Another surprise, another difficult decision between sample, 50 grams, or 100, and of course, another insane impulse buy.

The tea was more baked than I expected. Dryleaf aroma is immensely smooth, sweet and nutty, leaning heavy onto chestnut and almond. I more or less followed their guidelines 4-5 grams, 5 oz, and some moderately hot water. I could have upped the heat. Horchata immediately emanated from the cups steam, causing my concern I had this too near my flavored teas. Guanyin, though, smiled on me again and that was just the tea. I steeped it for 3 minutes, 20 seconds letting it open up. The gardenia, butter, and chestnut notes are all apt, and the liquor is light and soft, but creamy and sweet with hints of cinnamon and nutmeg in accents. The second brew, some minutes go by, maybe less than the first one as I sip-check and go by smell, is significantly sweeter and leans. Gardenia and honey coat my tongue, and affirm me throwing money at this one.

I didn’t expect a more Dong Ding style kind of Tie Guan Yin, and thought this one would be greener. It still leans more on the green side in the middle, but retains the attention catching florals in tandem with buttery and honeyed aspects of the bake. I do not regret getting 50 grams of this gem, because a high mountain (not Lishan-I was WRONG-READ DAYLON!) Tie Guan Yin is not this easy to find online. The 50 grams tops at $21, which actually is NOT bad at all. I’ve complained about Spirit Tea prices before, and I felt like I paid for what I got this time.

More notes to come of this one indeed.

Flavors: Butter, Chestnut, Cinnamon, Cream, Floral, Gardenias, Honey, Nutmeg

195 °F / 90 °C 3 min, 15 sec 4 g 5 OZ / 147 ML

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First Off, Current Targets:

Whispering Pines Alice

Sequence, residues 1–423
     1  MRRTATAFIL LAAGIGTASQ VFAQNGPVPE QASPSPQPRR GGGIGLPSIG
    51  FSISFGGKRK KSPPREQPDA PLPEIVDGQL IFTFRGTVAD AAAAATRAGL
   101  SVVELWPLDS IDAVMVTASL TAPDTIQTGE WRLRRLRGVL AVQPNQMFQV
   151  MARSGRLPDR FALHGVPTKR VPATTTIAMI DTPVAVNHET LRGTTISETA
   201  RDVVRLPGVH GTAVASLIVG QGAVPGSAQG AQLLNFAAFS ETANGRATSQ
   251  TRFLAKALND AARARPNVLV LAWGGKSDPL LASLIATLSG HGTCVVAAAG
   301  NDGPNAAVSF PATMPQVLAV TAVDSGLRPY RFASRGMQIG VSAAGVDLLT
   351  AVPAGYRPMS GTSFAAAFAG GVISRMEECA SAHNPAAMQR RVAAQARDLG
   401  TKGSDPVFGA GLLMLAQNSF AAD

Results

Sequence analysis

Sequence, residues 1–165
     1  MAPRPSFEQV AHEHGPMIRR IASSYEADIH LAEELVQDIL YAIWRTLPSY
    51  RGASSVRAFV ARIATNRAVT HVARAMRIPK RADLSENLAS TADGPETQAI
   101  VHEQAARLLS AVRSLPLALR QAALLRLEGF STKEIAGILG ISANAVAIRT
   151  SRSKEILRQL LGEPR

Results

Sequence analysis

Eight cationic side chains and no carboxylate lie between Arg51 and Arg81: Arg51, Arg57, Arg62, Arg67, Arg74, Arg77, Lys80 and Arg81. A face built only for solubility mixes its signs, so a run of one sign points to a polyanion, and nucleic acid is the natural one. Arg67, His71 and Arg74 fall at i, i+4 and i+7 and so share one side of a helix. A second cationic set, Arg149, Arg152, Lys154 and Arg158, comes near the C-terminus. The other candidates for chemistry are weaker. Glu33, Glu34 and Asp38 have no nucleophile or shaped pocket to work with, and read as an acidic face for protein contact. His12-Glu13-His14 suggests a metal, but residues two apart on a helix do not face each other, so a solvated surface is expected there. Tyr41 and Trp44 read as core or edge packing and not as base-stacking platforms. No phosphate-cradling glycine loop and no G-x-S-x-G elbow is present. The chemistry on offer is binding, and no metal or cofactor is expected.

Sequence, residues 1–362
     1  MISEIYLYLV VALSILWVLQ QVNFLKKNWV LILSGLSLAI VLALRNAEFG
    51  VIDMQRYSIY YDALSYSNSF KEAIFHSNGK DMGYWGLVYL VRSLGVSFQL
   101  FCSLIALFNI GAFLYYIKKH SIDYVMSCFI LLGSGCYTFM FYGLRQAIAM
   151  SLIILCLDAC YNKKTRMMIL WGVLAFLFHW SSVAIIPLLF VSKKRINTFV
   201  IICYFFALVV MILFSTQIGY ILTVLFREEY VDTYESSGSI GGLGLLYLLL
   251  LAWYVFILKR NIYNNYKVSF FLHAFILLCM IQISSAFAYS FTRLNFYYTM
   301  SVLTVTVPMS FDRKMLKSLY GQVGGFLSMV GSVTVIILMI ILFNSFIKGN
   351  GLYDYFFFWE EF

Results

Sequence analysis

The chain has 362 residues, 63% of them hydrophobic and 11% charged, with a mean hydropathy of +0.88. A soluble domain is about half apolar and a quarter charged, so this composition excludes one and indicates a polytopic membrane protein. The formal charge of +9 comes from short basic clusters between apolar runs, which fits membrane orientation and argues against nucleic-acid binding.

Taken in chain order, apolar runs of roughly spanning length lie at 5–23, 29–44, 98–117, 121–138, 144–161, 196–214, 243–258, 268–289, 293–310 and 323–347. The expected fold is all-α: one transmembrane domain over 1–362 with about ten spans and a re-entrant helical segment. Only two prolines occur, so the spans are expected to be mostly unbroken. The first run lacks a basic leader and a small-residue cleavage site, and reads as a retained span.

Good Luxurious Work Teas
Best Sachet Teas
Spring, Winter Taiwan High Mountain Oolongs

Dislikes: Heavy Tannin, Astringency, Bitterness, or Fake Flavor, Overly herby herbal or aged teas

Picky with: Higher Oxidation Oolongs, Red Oolongs (Some I love, others give me headaches or are almost too sweet), Mint Teas

Currently, my stash is overflowing. Among my favorites are What-Cha’s Lishan Black, Amber Gaba Oolong, Lishan Oolong, Qilan Oolong, White Rhino, Kenya Silver Needle, Tong Mu Lapsang Black (Unsmoked); Whispering Pines Alice, Taiwanese Assam, Wang’s Shanlinxi, Cuifeng, Dayuling, Jasmine Shan Lin Xi; Beautiful Taiwan Tea Co.“Old Style” Dong Ding, Mandala Milk Oolong; Paru’s Milk Oolong


I am an MSU graduate, and current alternative ed. high school social studies and history teacher. I formerly minored in anthropology, and I love Egyptian and classical history. I love to read, write, draw, paint, sculpt, fence(with a sword), practice calisthenics on rings, lift weights, workout, relax, and drink a cuppa tea…or twenty.

I’ve been drinking green and black teas ever since I was little living in Hawaii. Eastern Asian influence was prominent with my friends and where I grew up, so I’ve been exposed to some tea culture at a young age. I’ve come a long way since I began on steepster and now drink most teas gong fu, especially oolong. Any tea that is naturally creamy, fruity, or sweet without a lot of added flavoring ranks as a must have for me. I also love black teas and dark oolongs with the elusive “cocoa” note. My favorites are lighter Earl Greys, some white teas like What-Cha’s Kenyan offerings, most Hong-Cha’s, darker Darjeelings, almost anything from Nepal, Green Shan Lin Xi’s, and Greener Dong Dings. I’m in the process of trying Alishan’s. I also tend to really enjoy Yunnan Black or Red teas and white teas. I’m pickier with other teas like chamomile, green teas, and Masalas among several.

I used to give ratings, but now I only rate teas that have a strong impression on me. If I really like it, I’ll write it down.

I’ll enjoy a tea almost no matter what, even if the purpose is more medicinal, for it is my truest vice and addiction.


Michigan, USA

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